Orson Welles’s MOBY DICK-REHEARSED inspires a Cartel Gallery art exhibition in London, opening May 27, 2011Friday, May 13th, 2011
IN THE BELLY OF THE WHALE
Four artists respond to the 1955 stage play written and directed by Orson Welles, that Welles considered his greatest work in the Theatre.
114-116 Amersham Vale (in the courtyard of the Old Police Station)
Adam Chodzko / Côme Ciment / Anthea Hamilton / Jacopo Miliani
Curated by Ariella Yedgar and Rosie Cooper
28 May - 16 July 2011
Private View: 27 May 6:30pm - till late
Wednesday - Saturday 12-4pm.
Late opening Friday 24 June 7-11pm.
Moby Dick inspired a lifelong obsession in Orson Welles. So much so, that he directed and appeared in at least three different adaptations of the novel: once on stage and twice in film.
Welles's interpretations of Moby Dick included a 1955 play he wrote and directed about a theatre company's rehearsal of the Melville story, which featured newcomers Patrick McGoohan, Joan Plowright and Kenneth Williams, and starred the director himself as Captain Ahab. It is said that Welles considered the theatre hall to be the belly of the whale, in which the actors are unwittingly trapped - much as, in the novel, the crew are caught on the ship. Soon after the theatre production finished its run at the Duke of York's Theatre, Welles shot a film version in two London theatres that included additional cast members such as Sir Christopher Lee. It has long been presumed lost. 16 years later, Welles made another attempt at his own film version, in which he played all the major parts. Some of this footage was edited together into a 22-minute short film, but at this time the film is unavailable for public viewing.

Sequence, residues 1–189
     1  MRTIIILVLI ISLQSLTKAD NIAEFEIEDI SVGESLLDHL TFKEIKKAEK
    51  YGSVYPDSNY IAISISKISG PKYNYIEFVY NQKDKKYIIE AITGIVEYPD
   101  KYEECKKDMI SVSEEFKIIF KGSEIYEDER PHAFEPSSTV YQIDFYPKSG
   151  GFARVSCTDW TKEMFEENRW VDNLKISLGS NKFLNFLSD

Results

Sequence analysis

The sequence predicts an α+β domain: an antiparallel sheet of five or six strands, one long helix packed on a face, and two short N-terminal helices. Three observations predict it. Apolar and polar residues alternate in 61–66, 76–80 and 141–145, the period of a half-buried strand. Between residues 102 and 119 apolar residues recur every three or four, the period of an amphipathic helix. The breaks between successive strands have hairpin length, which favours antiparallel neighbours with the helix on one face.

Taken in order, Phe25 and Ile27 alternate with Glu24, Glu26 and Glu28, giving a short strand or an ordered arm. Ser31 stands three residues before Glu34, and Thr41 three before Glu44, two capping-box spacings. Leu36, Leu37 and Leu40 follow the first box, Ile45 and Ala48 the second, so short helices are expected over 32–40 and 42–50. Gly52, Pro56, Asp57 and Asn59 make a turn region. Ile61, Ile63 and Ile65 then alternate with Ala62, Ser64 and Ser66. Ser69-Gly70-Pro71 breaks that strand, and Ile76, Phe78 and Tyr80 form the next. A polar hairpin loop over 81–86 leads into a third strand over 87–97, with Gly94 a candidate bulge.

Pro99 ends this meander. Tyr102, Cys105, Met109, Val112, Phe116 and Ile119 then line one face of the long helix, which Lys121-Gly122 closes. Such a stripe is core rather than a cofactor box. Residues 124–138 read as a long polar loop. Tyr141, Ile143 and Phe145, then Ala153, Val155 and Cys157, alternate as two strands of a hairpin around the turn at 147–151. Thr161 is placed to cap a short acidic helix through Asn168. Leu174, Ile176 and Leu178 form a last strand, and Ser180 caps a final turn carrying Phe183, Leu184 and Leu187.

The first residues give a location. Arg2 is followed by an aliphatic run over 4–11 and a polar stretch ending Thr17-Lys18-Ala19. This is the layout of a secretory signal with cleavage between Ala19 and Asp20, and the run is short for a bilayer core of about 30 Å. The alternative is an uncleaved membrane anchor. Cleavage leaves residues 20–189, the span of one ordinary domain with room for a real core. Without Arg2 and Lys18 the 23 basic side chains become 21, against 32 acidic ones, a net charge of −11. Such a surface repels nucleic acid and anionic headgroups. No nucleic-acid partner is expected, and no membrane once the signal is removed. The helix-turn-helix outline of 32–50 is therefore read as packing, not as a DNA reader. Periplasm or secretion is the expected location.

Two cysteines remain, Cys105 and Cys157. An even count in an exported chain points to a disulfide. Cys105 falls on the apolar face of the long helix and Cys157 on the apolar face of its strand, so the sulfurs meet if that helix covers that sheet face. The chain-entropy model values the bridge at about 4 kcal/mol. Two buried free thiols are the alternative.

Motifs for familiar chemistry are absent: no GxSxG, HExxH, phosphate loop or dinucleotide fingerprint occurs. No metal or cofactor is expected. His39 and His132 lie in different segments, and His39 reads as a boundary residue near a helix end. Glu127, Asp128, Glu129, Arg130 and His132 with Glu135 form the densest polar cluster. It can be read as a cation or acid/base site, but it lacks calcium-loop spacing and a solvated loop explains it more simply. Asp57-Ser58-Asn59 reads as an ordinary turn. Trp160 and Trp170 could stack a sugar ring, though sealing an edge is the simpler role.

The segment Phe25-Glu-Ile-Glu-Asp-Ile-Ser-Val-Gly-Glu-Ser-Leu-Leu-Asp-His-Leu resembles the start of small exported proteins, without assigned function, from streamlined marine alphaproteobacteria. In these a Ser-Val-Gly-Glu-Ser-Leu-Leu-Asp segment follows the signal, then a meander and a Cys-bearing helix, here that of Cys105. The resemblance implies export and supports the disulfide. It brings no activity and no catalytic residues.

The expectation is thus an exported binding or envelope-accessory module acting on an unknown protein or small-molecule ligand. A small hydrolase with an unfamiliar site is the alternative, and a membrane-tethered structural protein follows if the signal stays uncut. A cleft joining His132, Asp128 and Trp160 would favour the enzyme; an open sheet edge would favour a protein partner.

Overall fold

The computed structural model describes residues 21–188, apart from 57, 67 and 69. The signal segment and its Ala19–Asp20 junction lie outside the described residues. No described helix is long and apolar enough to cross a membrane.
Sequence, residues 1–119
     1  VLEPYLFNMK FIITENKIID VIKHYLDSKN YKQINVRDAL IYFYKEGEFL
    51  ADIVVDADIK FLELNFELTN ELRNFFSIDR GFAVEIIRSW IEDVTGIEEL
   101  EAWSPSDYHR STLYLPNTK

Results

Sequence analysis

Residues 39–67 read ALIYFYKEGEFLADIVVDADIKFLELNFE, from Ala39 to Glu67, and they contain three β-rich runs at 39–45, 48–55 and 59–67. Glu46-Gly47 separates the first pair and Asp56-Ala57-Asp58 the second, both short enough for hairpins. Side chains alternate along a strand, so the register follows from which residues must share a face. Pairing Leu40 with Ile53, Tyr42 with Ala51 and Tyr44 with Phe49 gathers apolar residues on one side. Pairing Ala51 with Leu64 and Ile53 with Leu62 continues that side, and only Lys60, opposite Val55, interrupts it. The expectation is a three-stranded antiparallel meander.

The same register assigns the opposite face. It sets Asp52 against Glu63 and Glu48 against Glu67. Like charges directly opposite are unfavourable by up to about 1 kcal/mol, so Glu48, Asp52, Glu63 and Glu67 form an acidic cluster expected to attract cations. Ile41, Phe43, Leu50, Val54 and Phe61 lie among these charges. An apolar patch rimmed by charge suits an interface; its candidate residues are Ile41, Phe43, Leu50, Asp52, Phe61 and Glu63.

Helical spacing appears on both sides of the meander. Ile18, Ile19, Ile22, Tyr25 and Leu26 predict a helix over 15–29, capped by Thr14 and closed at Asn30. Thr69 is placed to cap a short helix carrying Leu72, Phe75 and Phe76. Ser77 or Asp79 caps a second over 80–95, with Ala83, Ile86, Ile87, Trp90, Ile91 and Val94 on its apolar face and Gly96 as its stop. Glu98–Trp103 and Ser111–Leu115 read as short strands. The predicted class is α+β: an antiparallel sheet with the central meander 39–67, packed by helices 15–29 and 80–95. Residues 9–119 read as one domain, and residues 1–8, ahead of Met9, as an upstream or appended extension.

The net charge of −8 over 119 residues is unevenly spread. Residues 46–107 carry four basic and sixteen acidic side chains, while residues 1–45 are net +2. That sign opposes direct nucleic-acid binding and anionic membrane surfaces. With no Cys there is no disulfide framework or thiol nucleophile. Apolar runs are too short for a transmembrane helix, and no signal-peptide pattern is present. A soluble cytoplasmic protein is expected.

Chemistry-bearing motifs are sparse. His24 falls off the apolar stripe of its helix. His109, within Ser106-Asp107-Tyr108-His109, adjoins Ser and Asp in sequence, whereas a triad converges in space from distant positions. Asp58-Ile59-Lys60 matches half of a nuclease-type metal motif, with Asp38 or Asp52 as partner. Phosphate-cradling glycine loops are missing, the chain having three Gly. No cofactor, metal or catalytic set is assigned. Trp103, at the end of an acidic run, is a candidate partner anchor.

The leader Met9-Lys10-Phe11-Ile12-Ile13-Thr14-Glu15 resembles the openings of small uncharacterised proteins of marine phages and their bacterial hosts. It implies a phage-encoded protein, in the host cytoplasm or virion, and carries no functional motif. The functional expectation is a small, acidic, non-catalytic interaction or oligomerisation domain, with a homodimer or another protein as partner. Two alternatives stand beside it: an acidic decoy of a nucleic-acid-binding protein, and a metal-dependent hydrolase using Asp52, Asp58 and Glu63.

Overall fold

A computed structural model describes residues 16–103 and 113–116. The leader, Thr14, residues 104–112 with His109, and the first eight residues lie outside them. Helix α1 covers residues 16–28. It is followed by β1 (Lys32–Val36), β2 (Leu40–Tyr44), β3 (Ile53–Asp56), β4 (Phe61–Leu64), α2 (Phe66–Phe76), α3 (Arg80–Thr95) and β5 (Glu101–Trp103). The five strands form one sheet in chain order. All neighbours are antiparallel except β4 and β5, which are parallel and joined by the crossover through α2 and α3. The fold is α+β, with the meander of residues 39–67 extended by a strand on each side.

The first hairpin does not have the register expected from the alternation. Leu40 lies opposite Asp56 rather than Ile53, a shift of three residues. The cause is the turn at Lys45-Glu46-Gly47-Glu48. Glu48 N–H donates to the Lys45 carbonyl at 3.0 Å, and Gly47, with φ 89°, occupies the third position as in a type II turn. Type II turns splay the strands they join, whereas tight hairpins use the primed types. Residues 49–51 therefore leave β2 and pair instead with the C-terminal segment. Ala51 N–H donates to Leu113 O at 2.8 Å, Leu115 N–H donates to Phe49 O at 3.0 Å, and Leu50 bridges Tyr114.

In the Belly of the Whale is a response to Welles's unremitting and ultimately unfinished film project. It considers the theme of rehearsal and its related notions of incompleteness, version and repetition. The exhibition features new works by Adam Chodzko, Côme Ciment, Jacopo Miliani, and a recent piece by Anthea Hamilton, along with contextual material.
A rare contact sheet of Brian Brake's photos of Welle's 1955 London stage production can be seen Here.
Adam Chodzko has made a film for a damaged projector, set in a theatre, and objects for actors to use in rehearsal. Côme Ciment has articulated elements from Moby Dick and the exhibition's premise with different gestures that appear throughout the exhibition space.
Anthea Hamilton's airy room divider Untitled (Rope Divider) (2009/2011) is made predominantly of knotted rope - the technique for which was inspired by John Huston's film Moby Dick. A large metal ring acts as a portal between the real space of the exhibition and a possible space of fiction.
Working with found images of a theatrical origin, Jacopo Miliani imagines a casting for some of the secondary characters in Moby Dick.
In the Belly of the Whale will include a programme of associated events, to be announced shortly.
Like Welles's play, this show is itself a rehearsal for a larger event that the curators are developing in parallel.
About the Artists: